At My Fingertips

A box plot is a high-level visual summary of a set of data points. Box plots can be drawn horizontally or vertically; in this activity we create horizontal box plots.

A box plot visually represents the "five-number summary" of the given values:
the minimum, first quartile, median, third quartile, and maximum.
The left of the box is located at the **first quartile** (Q1) of the data,
and the right of the box at the **third quartile** (Q3).
The width of the box is the **inter-quartile range** (IQR).
The **median** (Q2) of the data is shown somewhere inside the box
(in our visualization, the median is
where the blue left part and the red right part of the box meet).
The box has two whiskers:
the left whisker extends from the left of the box
to some data point in the bottom quartile.
In our simple box plot, that data point is the minimum (Q0).
The right whisker similarly extends from the right of the box
to some data point in the top quartile;
in our simple box plot, the maximum (Q4).

Given that we need the five-number-summary of a set of data points,
let's first create a function, named `quartiles`

, to do just that.
Let's use the *suggested method* from this paper on
Quartiles in Elementary Statistics.

Divide the data set into two halves, a bottom half and a top half. If n is odd, include or exclude the median in the halves so that each half has an odd number of elements. The lower and upper quartiles are then the medians of the bottom and top halves respectively.

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Let's test whether our function works according to the behavior specified by the suggested method also on different lists.

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Now let's focus on creating box plots. We would like to develop the following function:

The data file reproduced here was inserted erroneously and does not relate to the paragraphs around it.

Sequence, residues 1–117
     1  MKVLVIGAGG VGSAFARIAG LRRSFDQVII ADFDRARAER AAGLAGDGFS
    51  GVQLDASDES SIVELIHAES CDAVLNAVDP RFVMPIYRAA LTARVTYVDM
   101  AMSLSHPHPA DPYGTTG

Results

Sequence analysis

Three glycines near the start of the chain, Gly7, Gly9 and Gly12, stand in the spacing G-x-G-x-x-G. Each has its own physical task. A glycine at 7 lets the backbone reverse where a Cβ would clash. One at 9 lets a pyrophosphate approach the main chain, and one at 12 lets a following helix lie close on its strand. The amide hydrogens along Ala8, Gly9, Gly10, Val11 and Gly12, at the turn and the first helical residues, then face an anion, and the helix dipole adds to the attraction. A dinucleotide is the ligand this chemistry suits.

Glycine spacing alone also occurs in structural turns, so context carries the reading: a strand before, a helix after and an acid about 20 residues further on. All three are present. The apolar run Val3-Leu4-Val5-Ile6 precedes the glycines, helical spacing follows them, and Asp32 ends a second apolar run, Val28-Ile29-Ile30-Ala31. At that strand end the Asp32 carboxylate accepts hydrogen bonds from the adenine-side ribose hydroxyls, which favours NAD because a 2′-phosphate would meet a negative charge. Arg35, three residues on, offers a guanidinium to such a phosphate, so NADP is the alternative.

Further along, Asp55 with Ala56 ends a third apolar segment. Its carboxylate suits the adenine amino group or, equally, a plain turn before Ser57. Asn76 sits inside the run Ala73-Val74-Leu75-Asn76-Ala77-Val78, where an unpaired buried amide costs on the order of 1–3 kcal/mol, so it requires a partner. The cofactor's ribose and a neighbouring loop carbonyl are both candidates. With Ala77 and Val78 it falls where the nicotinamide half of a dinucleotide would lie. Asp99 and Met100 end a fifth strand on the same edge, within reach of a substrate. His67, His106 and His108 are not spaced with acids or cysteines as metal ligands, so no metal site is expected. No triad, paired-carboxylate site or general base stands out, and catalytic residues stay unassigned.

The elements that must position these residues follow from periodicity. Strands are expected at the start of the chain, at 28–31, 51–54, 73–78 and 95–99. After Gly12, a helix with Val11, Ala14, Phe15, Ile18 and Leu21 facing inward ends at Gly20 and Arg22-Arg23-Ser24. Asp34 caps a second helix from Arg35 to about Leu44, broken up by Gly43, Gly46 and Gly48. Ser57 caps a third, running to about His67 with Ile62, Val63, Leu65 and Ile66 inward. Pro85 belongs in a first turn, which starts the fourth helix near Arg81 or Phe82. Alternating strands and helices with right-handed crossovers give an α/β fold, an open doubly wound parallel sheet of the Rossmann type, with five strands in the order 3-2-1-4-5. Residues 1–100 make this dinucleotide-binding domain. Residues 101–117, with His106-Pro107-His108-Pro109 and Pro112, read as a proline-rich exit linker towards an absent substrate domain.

```
def box_plot(
values: list[float], axis_min: float, axis_max: float, width: float, height: float
) -> Graphic:
```

The parameters have the following meaning:

**values**-- the data points (numeric values) to plot.**axis_min**-- the minimum value representable on the plot's axis.**axis_max**-- the maximum value representable on the plot's axis.**width**-- the total width of the visualization (onto which the values on the axis will be mapped).**height**-- the total height of the visualization (which corresponds to the height of the bar).

One can call the function as follows:

`show_graphic(box_plot([10, 20, 30, 40, 50], 0, 60, 200, 40))`

This produces the following visualization:

The (invisible) axis goes from 0 to 60. The range of the data goes from 10 to 50, which means the the left whisker extends to the value 10, and the right whisker to the value 50. The whole plot has a size of 200 by 40. The axis (values 0 to 60) is mapped to the width of the plot (0 to 200).

The fact that we can specify the extent of the axis (with `axis_min`

and `axis_max`

)
seems like overkill when creating a single boxplot.
However, it allows us to create multiple box plots for different data sets
(with different minimum and maximum values),
and to place them above each other while sharing the same axis.

```
show_graphic(above(
box_plot([10, 20, 30, 40, 50], 0, 60, 200, 40),
box_plot([5, 15, 22, 27, 35], 0, 60, 200, 40)
))
```

This produces the following visualization:

The term *boxplot* is unfortunately used for two different things:
it may mean a single box with its two whiskers,
or it may mean an entire group of such whiskered boxes on a common axis.

Let's use *boxplot* to refer to a single box with whiskers,
and *boxplot group* to refer to multiple whiskered boxes on a common axis.

A horizontal box plot consists of a left whisker, the left part of the box, the right part of the box, and the right whisker.

A whisker is composed of a horizontal and a vertical rectangle.

So far this decomposition describes what we can see.
However, our boxplots also contain invisible pieces on their left and right:
there is a gap representing the area below Q0 (from `axis_min`

to the minimum value),
and a gap representing the range above Q3 (from the maximum value to `axis_max`

).

Now let's implement a function to compose a boxplot.

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You learned to create boxplots, one of the most useful visual summaries of numerical data sets. Groups of boxplot with a shared axis are particularly helpful when comparing multiple data sets, because they make it easy to compare their central tendencies (via the locatins of their boxes, the medians) and their dispersions (via the sizes of their boxes, the IQRs).

This activity has been created by LuCE Research Lab and is licensed under CC BY-SA 4.0.

Simple Box Plot

PyTamaro is a project created by theÂ Lugano Computing Education Research LabÂ at theÂ Software InstituteÂ ofÂ USI

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